It's Time to Employ Skilled Immigrants Already Here

America has 1.8 million unemployed or underemployed immigrants ready to put their skills and education to work. Networking and other coaching can help the U.S. retain the best and the brightest.

Nikki Cicerani, president and CEO of Upwardly Global, which offers services for employers and new Americans. (National Journal)

Michigan Gov. Rick Snyder's recent proposal to seek 50,000 special visas to attract highly­ skilled immigrants to Detroit sends a strong public message about the value of foreign-born professionals as an engine of economic development. But employers and policymakers in Detroit — and in St. Louis, Cleveland, Oklahoma City, and other places that struggle with ongoing talent shortages — don't have to wait for Congress to grant new visas before they start tapping into the global talent pool.

That's because the U.S. is already home to 1.8 million foreign-educated immigrants who are unemployed or underemployed, according to the nonpartisan Migration Policy Institute. The familiar narrative of an immigrant engineer driving a cab or an accountant working as a waitress is a reality for hundreds of thousands of new Americans who come to the U.S. as a result of family reunification, green-card lottery, or as refugees and asylum-seekers. This group of talented, educated individuals is often overlooked in immigration debates that focus more on topics such as managing the future flow of immigrants, but they are prime candidates for meeting today's employer needs.

As the president and CEO of the national nonprofit Upwardly Global, which works to integrate this population into the U.S. workforce, I am acutely familiar with the cultural and practical obstacles that keep skilled immigrants from moving out of low-wage survival jobs.

Many of the job seekers we work with arrive with the experience and training employers are looking for. What they lack is a professional network and the tools to navigate a U.S. job search — straightforward but surprisingly culturally specific skills such as how to write a U.S.-style cover letter and resume, how to identify and network with prospective employers, and how to successfully market their education and skills to American companies. Countries including Canada, Australia, Portugal, and the Netherlands have piloted programs aimed at workforce integration and creating centralized resources for licensing and employment requirements. The United States will have to take a cue from these countries and develop targeted interventions to keep immigrant talent from falling through the cracks if we want to continue attracting and retaining the best and the brightest.

Policymakers and employers in the U.S. who proactively reach out to the skilled immigrant population already in the country will have immediate access to talent in high-demand fields such as IT, engineering, and finance. Almost as importantly, they will also see their communities strengthened by an increase in federal tax revenue and increased consumer spending by newly employed workers, as well as a likely increase in spillover jobs generated by their employment.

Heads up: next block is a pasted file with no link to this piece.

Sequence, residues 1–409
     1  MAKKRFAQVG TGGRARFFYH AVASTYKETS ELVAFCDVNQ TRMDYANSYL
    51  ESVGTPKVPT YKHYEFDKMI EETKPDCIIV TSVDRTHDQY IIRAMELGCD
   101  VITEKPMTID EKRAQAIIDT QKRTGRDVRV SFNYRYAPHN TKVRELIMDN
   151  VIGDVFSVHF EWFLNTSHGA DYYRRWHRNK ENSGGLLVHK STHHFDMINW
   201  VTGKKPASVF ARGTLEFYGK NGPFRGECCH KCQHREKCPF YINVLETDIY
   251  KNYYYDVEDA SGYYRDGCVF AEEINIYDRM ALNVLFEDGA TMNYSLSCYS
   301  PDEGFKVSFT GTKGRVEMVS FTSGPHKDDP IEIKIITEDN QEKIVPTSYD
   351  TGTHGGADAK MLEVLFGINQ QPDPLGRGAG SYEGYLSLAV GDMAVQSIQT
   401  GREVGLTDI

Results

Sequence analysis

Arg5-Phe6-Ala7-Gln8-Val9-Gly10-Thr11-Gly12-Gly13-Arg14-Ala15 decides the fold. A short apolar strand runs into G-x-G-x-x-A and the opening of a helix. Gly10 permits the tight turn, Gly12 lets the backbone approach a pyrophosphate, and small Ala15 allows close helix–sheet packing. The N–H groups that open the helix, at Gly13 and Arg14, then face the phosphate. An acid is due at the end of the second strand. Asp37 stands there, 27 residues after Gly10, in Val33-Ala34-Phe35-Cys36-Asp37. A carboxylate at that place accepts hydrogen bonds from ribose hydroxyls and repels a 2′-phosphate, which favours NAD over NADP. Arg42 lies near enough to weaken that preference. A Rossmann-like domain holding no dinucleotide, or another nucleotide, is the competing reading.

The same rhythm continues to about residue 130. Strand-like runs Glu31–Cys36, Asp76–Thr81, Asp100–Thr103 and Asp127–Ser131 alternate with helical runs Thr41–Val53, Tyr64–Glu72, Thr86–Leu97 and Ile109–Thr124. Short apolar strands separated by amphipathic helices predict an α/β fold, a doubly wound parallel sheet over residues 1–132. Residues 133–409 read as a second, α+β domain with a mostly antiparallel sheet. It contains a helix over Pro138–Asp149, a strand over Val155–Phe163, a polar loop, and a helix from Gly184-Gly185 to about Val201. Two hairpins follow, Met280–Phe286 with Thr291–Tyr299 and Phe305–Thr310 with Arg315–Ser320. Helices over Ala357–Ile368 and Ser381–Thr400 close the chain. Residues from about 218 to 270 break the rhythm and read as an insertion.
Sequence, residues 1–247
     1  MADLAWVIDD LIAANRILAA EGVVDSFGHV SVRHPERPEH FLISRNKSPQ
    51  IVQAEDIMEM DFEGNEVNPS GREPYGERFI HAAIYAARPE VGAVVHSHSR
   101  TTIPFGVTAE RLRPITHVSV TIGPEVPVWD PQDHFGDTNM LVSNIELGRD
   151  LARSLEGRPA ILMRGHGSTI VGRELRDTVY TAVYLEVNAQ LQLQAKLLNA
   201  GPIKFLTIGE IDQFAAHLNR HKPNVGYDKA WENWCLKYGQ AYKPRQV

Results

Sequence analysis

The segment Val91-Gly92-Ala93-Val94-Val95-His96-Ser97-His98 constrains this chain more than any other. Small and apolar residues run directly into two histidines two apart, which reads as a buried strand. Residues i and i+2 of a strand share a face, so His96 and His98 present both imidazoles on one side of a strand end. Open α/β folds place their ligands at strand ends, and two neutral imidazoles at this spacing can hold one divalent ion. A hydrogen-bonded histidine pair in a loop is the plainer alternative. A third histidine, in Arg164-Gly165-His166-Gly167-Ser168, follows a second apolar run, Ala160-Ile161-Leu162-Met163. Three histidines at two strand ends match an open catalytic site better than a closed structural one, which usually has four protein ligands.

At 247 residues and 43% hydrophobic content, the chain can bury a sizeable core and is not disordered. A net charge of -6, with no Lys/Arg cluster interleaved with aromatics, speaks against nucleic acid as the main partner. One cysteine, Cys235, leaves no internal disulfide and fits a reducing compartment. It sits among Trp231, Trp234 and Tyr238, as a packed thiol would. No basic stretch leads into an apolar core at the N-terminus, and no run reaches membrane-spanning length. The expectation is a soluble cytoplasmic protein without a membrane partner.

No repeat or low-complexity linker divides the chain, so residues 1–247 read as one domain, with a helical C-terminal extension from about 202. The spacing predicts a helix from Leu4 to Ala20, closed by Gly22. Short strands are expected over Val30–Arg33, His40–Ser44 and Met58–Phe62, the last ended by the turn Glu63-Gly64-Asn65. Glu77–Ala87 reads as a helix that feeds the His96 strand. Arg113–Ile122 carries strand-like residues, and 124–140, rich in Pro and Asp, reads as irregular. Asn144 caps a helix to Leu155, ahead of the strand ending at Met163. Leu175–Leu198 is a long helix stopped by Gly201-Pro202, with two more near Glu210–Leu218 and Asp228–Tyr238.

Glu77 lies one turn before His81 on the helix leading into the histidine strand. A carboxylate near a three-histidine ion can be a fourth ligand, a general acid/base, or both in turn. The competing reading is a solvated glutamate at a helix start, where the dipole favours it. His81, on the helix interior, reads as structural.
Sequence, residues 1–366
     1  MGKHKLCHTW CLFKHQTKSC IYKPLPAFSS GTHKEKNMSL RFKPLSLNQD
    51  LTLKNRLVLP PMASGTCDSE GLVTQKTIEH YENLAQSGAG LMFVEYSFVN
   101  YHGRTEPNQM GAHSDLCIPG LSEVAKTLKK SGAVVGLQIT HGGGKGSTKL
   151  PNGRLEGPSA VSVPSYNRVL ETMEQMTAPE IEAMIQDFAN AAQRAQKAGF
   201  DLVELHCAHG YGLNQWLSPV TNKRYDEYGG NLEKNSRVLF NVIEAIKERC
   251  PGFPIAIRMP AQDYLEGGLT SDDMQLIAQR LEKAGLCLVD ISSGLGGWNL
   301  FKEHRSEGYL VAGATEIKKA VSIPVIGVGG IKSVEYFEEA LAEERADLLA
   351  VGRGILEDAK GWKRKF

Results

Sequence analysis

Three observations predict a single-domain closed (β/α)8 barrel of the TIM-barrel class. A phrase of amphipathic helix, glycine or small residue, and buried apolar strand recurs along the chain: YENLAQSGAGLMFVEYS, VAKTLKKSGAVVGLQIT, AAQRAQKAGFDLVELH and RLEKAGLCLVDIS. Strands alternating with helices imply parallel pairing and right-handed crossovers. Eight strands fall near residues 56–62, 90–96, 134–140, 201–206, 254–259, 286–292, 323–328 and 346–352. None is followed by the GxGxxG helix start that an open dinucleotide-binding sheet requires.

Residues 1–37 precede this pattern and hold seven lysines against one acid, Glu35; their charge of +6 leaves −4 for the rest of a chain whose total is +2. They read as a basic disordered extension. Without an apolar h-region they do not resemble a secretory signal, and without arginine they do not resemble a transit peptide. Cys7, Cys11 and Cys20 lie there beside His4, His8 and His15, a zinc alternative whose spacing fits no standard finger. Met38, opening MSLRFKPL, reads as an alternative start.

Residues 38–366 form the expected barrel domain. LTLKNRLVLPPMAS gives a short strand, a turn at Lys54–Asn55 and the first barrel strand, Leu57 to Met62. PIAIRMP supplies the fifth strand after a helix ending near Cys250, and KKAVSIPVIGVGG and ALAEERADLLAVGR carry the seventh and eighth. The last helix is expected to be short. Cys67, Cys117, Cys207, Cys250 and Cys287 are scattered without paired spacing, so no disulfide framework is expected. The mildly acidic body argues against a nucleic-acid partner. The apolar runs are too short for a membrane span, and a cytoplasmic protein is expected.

We have a long tradition in the United States of people moving for greater opportunity. Husband and wife physicians Ahmed Hamdi and Ruaa Al-Ward came to Ann Arbor, Mich., last year as refugees from Iraq, both determined to finish their medical training in the U.S. They completed the United States Medical Licensing Examination and worked with Upwardly Global staff to polish their resumes and connect with U.S. doctors who helped them prepare for residency interviews.

After more than 100 applications and nearly 20 interviews between the two of them, both were recently accepted to an internal medicine residency program in Flint, Mich. They are also expecting their first child and are looking forward to putting down roots in their new community. Drs. Hamdi and Al-Ward represent a large contingent of ambitious new Americans who are open to relocating and to rebuilding their lives in communities that actively welcome skilled immigrants and their families.

Places like Detroit can capitalize on this existing talent without having to wait on shifts in labyrinthine federal policy. Cities can employ purposeful, evidence-based strategies such as working with community colleges to identify foreign-trained professionals who may need more specific career advising than the schools can provide, and developing structured internships or job-matching systems to connect employers with qualified candidates. Our partner Imprint Project offers information on policy and strategies.

Leaders have already spoken up for immigration reform. We hope they will also look closer to home for the talent that is already here.

The Next America welcomes op-ed pieces that explore the political, economic and social impacts of the profound racial and cultural changes facing our nation. Email us.